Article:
Richard Dawkins, the British author and evolutionary biologist, drew similarities between packets of information that spread down through generations and Darwin’s theory of evolution. He named these packets of information “memes”, after the biological concept of genes.

According to Dawkins, a packet of information needs to be “fit” in order to transfer or replicate. In the same way genes need to be fit to survive extinction, so too do memes need to be fit in order to be transferred.

Survival therefore rests on the degree of fitness. Figuring out what makes a packet of information “fit” is the basis of developing an algorithm that can explain and predict messages spreading virally.

Four elements

Four elements need to be in place for a branded movie to become viral: congruency, emotive strength, network-involvement ratio, and paired meme synergy. These four are the basis of the branded viral movie predictor (BVMP) algorithm, as explained below.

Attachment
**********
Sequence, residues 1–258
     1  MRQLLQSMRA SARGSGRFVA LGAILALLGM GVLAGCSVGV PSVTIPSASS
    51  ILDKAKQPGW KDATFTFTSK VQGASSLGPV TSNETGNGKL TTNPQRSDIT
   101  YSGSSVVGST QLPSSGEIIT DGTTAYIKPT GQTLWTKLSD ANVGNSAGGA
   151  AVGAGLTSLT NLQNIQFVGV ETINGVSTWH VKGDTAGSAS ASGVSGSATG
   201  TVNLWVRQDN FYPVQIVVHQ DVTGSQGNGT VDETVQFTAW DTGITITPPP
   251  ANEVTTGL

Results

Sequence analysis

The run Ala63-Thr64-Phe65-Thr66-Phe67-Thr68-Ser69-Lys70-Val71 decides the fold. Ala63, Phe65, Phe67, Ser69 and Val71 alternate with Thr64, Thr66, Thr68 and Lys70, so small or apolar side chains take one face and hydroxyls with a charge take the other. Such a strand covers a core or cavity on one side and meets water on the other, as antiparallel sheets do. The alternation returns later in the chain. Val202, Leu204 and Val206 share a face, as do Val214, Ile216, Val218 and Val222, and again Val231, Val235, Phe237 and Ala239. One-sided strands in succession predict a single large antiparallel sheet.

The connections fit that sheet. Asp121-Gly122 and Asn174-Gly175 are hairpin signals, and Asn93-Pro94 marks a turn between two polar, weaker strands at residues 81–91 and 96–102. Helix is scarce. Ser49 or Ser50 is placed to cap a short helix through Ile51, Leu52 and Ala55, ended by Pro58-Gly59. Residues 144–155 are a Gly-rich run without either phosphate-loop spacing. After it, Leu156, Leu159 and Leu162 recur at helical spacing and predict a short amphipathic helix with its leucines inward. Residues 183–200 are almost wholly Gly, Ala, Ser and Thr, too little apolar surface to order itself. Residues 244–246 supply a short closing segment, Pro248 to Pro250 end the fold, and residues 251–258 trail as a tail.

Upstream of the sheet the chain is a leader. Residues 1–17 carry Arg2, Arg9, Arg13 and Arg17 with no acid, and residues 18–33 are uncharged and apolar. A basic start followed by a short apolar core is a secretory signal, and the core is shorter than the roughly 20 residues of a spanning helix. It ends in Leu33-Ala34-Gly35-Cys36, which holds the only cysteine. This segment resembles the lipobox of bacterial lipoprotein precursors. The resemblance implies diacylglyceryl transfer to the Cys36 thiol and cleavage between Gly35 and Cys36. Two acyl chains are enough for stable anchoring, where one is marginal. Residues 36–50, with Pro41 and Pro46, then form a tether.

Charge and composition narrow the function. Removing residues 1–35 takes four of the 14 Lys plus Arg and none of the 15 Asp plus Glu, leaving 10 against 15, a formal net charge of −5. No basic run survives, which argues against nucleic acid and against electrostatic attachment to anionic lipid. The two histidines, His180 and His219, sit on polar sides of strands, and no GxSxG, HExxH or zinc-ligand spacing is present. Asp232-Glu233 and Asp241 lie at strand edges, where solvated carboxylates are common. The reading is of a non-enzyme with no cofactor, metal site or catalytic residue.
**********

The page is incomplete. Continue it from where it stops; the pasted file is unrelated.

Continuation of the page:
• Congruency. This refers to the consistency of the BVMP theme with brand knowledge. Judgments about brands are shaped to a large degree by past knowledge. Our minds are full of a series of associations that are attached to a brand, and our feelings towards a brand are shaped by these associations.

Harley Davidson for most people is associated with freedom, muscle, tattoos and membership. Our attitude towards these feelings shapes our attitude towards the brand. If we place a high value on freedom, muscle, tattoos and membership, then likely we will form high value towards the Harley Davidson brand.

As soon as we witness associations with the brand that are inconsistent with our brand knowledge, we feel tension. A Harley Davidson scooter designed for inner city commuters would be incongruent with the brand knowledge of many people.

The BVMP therefore remains weak and exposed to extinction.

  • Emotive strength. We process thousands of packets of information every day. The weaker ones (most) earn a single thought in short-term memory, and then become extinct almost instantaneously.